(photo: Derek Ramsey / wikimedia)

NYT readers must be wondering whether David Brooks believes in Santa Claus. After all, he repeatedly professes his belief in the serious Mr. Ryan. This faith persists in spite of all the evidence to the opposite, including evidence that Brooks cites in arguing his case.

Today in an Opinionator discussion with Gail Collins in the NYT, Brooks told readers:

“I don’t see how anybody can say that Ryan is unserious when, unlike most national pols, he actually has a budget detailed enough for C.B.O. to score.”

Brooks was good enough to link to the CBO analysis so that readers could verify his assertion themselves. Those who did would find CBO’s disclaimer in the first paragraph:

“Those calculations [the ones prepared at the request of Representative Ryan] do not represent a cost estimate for legislation or an analysis of the effects of any given policies. In particular, CBO has not considered whether the specified paths are consistent with the policy proposals or budget figures released today by Chairman Ryan as part of his proposed budget resolution.

The amounts of revenues and spending to be used in these calculations for 2012 through 2022 were provided by Chairman Ryan and his staff.”

In other words, Representative Ryan did not give CBO a set of tax and spending proposals to be scored. He told them to write down a spending and revenue path. The difference is that the former would require that Ryan indicate specific spending cuts and tax increases that he was proposing.

For example, if Mr. Ryan was actually writing a budget for CBO to score, he would tell them that he wants to cut spending on Head Start by 50 percent over the next decade, spending on medical research by 30 percent, and spending on education by 40 percent. On the tax side, he would tell CBO that he wants to eliminate the mortgage interest tax deduction over the next decade, phase out the deduction for employer provided health insurance over the next two decades, and immediately eliminate the charitable interest tax deduction.

The point is that he would hand CBO specific policy proposals like these and then have CBO show what the budget looks like. This is absolutely not what Ryan did, as CBO tried to say as clearly as it possible could.

Instead, Ryan told CBO to write down specific numbers for broad categories of spending. This means he told them to write down that spending on non-health care, non Social Security spending will be 4.5 percent of GDP in 2040. He told them to write down specific numbers for tax revenue.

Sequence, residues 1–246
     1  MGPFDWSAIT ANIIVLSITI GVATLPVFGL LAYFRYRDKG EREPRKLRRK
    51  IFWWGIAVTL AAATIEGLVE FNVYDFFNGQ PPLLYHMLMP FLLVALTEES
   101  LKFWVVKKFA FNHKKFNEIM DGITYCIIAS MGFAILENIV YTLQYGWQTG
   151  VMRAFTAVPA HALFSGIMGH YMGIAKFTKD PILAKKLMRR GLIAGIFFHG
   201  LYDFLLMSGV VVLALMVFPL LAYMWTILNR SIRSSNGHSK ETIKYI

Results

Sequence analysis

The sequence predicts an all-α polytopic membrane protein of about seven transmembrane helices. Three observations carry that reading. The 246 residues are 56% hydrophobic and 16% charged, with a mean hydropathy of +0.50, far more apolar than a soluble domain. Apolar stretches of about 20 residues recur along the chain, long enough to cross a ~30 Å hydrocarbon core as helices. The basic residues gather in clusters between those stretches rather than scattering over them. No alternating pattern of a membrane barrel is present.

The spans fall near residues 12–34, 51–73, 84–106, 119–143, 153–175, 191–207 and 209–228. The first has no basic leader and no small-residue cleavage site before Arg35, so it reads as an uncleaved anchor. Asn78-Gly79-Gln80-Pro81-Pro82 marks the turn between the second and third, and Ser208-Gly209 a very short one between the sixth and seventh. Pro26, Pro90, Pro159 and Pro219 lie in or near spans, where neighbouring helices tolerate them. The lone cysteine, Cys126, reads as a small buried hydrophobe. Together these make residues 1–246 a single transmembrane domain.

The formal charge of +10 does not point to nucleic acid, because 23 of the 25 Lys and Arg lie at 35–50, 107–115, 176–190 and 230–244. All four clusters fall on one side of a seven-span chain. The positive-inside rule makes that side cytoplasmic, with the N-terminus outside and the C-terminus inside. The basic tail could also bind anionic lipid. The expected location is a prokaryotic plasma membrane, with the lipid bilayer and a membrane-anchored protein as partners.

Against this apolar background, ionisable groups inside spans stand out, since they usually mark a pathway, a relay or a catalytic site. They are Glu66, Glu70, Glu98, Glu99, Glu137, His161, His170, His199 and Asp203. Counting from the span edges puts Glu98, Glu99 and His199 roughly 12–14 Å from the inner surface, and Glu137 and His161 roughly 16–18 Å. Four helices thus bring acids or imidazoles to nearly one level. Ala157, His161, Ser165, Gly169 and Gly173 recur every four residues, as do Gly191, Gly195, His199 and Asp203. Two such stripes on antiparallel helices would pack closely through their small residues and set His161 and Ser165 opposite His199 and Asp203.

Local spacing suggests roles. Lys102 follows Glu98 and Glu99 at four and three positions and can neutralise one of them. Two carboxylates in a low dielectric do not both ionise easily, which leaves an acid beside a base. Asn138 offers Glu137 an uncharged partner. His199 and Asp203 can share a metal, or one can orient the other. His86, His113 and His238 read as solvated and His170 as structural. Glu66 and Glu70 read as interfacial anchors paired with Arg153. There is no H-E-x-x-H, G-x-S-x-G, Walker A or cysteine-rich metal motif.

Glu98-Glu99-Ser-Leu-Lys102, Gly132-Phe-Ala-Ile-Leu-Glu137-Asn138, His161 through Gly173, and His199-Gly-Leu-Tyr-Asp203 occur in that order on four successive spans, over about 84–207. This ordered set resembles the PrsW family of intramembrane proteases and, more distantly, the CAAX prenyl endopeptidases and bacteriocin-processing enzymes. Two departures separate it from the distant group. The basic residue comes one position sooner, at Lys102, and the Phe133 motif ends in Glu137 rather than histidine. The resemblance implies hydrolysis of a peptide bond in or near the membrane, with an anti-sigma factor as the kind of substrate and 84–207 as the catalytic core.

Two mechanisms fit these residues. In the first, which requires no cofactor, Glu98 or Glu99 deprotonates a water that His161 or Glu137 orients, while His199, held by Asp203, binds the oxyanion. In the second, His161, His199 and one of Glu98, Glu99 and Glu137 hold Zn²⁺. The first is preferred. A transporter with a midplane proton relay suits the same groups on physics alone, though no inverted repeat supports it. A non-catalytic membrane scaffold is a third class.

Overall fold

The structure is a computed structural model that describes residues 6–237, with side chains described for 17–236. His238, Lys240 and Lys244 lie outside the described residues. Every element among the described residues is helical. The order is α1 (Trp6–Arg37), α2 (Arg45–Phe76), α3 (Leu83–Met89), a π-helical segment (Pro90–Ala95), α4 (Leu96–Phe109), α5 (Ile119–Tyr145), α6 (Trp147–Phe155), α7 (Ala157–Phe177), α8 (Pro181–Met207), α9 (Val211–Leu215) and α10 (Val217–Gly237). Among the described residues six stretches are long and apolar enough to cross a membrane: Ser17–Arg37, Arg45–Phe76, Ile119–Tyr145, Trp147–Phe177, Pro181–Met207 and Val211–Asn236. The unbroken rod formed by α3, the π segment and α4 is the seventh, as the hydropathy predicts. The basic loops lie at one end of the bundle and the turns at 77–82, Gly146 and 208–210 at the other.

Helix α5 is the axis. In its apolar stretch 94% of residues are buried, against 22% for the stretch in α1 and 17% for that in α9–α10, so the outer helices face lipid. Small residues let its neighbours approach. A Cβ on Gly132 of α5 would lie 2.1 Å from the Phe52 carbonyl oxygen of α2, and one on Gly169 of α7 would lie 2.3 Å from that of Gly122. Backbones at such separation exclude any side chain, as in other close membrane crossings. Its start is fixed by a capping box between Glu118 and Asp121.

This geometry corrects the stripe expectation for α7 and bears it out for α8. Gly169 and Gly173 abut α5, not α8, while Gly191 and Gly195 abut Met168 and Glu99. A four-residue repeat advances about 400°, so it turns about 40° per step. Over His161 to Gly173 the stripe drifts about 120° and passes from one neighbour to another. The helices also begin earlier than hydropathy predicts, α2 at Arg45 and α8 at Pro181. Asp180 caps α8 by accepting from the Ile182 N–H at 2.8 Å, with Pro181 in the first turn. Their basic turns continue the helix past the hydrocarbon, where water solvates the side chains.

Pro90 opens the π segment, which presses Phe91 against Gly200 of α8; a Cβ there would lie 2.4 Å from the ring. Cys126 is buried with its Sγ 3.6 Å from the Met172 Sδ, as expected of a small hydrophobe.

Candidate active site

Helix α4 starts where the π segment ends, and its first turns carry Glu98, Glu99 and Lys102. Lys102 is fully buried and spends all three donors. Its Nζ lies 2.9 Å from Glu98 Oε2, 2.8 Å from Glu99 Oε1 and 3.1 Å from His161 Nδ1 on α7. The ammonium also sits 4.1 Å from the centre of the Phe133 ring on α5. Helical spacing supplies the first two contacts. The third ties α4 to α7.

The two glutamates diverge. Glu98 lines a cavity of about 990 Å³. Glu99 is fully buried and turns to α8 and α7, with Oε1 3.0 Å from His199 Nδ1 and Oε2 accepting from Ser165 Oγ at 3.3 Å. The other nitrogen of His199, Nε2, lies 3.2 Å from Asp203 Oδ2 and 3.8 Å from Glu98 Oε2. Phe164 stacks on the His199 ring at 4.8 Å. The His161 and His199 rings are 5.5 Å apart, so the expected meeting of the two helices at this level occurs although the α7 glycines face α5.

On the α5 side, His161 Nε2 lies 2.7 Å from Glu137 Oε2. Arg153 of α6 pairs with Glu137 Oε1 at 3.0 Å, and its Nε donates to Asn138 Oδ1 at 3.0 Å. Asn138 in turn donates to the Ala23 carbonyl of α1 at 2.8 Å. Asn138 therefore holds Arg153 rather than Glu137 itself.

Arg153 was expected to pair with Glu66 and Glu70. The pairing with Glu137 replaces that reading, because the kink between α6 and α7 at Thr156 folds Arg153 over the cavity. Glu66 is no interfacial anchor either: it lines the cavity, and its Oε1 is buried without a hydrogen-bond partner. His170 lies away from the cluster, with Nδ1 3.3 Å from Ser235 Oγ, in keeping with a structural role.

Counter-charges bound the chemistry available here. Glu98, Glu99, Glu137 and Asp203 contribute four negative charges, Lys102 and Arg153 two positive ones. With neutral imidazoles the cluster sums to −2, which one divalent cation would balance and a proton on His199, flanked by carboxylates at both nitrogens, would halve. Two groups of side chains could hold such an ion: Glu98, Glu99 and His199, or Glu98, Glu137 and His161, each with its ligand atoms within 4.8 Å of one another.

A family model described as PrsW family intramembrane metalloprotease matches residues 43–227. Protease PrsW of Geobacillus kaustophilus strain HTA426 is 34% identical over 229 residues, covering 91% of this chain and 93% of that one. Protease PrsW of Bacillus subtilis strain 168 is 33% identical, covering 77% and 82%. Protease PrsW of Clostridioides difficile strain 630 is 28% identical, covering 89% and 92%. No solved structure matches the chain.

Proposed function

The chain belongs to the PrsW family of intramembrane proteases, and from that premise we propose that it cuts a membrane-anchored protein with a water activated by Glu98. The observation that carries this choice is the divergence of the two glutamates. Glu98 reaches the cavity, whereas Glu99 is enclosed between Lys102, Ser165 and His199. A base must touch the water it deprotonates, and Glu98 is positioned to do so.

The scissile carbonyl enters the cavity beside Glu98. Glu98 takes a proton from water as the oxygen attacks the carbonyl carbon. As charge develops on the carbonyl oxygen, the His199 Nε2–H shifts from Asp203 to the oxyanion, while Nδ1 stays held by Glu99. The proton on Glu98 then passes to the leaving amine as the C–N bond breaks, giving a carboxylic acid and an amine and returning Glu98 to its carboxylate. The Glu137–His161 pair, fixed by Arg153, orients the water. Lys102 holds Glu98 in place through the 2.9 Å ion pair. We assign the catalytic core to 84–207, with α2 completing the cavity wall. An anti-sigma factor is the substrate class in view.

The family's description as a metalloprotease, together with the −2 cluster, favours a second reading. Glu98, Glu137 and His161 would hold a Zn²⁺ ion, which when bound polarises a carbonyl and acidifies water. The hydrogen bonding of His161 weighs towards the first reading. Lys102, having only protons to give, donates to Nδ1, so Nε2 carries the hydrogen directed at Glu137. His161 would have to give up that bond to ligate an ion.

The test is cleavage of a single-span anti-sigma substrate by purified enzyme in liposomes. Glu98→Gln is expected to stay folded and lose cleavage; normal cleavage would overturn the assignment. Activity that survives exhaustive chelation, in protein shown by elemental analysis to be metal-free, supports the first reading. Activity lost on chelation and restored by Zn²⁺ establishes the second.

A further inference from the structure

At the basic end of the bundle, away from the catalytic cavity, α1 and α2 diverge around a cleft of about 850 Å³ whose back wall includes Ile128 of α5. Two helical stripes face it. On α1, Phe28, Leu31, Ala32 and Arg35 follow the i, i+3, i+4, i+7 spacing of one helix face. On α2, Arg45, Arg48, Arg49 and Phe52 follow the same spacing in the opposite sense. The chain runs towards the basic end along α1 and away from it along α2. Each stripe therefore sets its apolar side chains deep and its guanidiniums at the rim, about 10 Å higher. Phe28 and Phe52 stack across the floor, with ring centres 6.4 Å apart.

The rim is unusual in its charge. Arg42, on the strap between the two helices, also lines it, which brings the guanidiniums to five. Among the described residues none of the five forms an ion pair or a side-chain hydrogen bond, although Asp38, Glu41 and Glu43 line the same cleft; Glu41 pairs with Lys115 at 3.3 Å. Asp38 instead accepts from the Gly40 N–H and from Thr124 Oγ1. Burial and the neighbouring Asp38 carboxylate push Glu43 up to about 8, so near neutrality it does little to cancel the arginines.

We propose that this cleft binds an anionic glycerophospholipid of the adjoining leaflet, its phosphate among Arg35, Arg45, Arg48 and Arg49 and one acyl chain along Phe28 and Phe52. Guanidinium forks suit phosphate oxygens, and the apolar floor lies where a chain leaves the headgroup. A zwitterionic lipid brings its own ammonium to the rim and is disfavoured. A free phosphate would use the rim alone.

Since CBO works for Congress, it does what powerful members of Congress want it to do. Thus it wrote down down the numbers that Mr. Ryan instructed them to write down. However CBO was honest and clearly stated that it had just written down numbers given to it by Mr. Ryan and his staff. Unfortunately David Brooks is either too confused to understand what CBO wrote, or alternatively is deliberately trying to mislead NYT readers into believing that CBO scored a Ryan budget when it did not.

There is one other issue worth beating up on Brooks for in this piece. At one point he says:

I have enormous respect for Ryan and I regard most of the commentary I’ve read about him by people who’ve never even interviewed him to be ludicrous.

Huh? What planet is this guy on? It’s wonderful that Brooks has had the opportunity to interview Paul Ryan. Most of us will not have that opportunity.

In David Brooks Land that apparently means that we don’t have the right to comment on Ryan’s positions on issues. That might be true in David Brooks eliteland, but we still have pretensions of having a democracy in this country. That means that we all get to say whatever we damn well please about Representative Ryan, even if we never interviewed him. If that troubles Brooks, then perhaps he can find some dictatorship where speech is regulated more to his liking.

In short, there is no Santa Claus and there is no serious Representative Ryan, got that?

Thanks to Robert Salzberg for calling this to my attention.

Dean Baker is co-director of the Center for Economy and Policy Research. He also writes a regular blog, Beat the Press, where this post original appeared